By Dennis Boone
The seeds of entrepreneurship in the Kansas City region have been planted early, as this years class of 20 in Their Twenties demonstrates. These young business owners and executives, hailing from sectors as varied as commercial realty, banking, non-profits, advertising, manufacturing—and even two of the citys professional sports franchises—have embraced the promise of entrepreneurship and are leveraging it for all its worth. Whether its at their own companies or applied on behalf of the organizations that employ them, all have demonstrated that business leadership is in their DNA.
Five Elms Capital
When it comes to entrepreneurship practiced at the start-up level, Ryan Mandl is the tip of the spear. He directs both new investment sourcing and business development for for Five Elms Capital, a venture capital/private equity firm that seeks out fast-growth companies. That means meeting with more than 1,000 entrepreneurs each year to assess competitive differentiators, sales and marketing processes, financial performance, opportunities for growth and, most important, whether Five Elms will invest. He sourced and co-led a deal with OrderUp, tripling the investmet when Groupon bought the in on-line food-delivery platform. He did the same with Field Agent, and sits on the board of that company, which provides in-store intelligence and market research to some of the nation’s biggest consumer-products companies. “I enjoy getting to work with fast-growing companies,” says Mandl, 28, because they “are shaping the future of our economy in Kansas City and other communities across the country.
Ryan Frye was barely old enough to buy a beer when he joined a start-up legal-services tech company in 2008. The founders at UnitedLex are the ones who should be popping champagne corks over that hire. Armed with a work ethic inspired by his father, Frye says, “I felt driven to ensure the company felt my value.” It has. In just seven years, he has developed software that revolutionized forensic imaging of computers subject to litigation, allowing a team of five to collect as much data as 100 people on the ground. He’s also been sent to China (twice) on a high-stakes investigation, as well as Denmark, Canada and Trinidad, he’s been an expert witness in multiple federal-court settings, and been deposed on behalf of clients regarding their data systems subject to litigation. Frye got where he is by blending his passion for innovation with classical entrepreneurial values: “My outlook on my role as a computer forensic examiner,” he says, “was ‘How can I do my job better, faster and cheaper?’ ”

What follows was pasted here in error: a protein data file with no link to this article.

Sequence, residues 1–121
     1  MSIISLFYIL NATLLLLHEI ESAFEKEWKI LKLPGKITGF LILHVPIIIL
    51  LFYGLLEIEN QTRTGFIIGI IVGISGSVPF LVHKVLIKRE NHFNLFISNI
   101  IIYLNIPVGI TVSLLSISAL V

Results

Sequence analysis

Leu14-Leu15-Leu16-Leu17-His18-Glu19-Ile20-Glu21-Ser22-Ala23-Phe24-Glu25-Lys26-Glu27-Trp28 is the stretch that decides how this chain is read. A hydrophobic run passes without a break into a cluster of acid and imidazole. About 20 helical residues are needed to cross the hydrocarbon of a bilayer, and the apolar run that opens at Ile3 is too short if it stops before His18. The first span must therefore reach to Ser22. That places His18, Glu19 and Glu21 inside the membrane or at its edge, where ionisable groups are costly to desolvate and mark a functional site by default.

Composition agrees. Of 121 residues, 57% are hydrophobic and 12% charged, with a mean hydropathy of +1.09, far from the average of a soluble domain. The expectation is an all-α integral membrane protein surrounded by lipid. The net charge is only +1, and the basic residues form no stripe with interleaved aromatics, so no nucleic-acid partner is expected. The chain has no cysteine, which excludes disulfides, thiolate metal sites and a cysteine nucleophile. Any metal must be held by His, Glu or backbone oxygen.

Vision. Planning. Execution. Consistency. Austin Baier wields all of those as an associate for the Kansas City office of commercial realty giant CBRE. “When becoming a commercial real-estate broker, you are essentially starting your own business,” says the 28-year-old. “You have to establish yourself, your style, and your own differentiating identity in the market place.” He’s a 2009 University of Nebraska grad learned the basiscs a USFP Property Management, and LANE4 Property Group before joining CBRE. His first year in the business yielded 29 deals valued at $11.2 million. It was a success template he wouldn’t abandon. “By sticking to my plan,” he says, “I have completed 15 transactions for nearly $8.5 million in value through July of 2015.”
Not yet 30, Piero Ferrante has applied his passion for predictive analytics to such widely varying tasks as identifying at-risk clients new to the health-care system, for Blue Cross Shield of Kansas City; getting ahead of customer complaints by anticipating infrastructure failures for the Kansas City water department; and optimizing donation-bin placement for Big Brothers Big Sisters of Greater Kansas City. He is now director of data science for C2FO, a Fairway company with an electronic trading platform that connects suppliers and buyers to create a more efficient market for working capital. Ferrante earned a degree in finance and management information systems at the University of Delaware, then a master’s in predictive analytics from Northwestern University.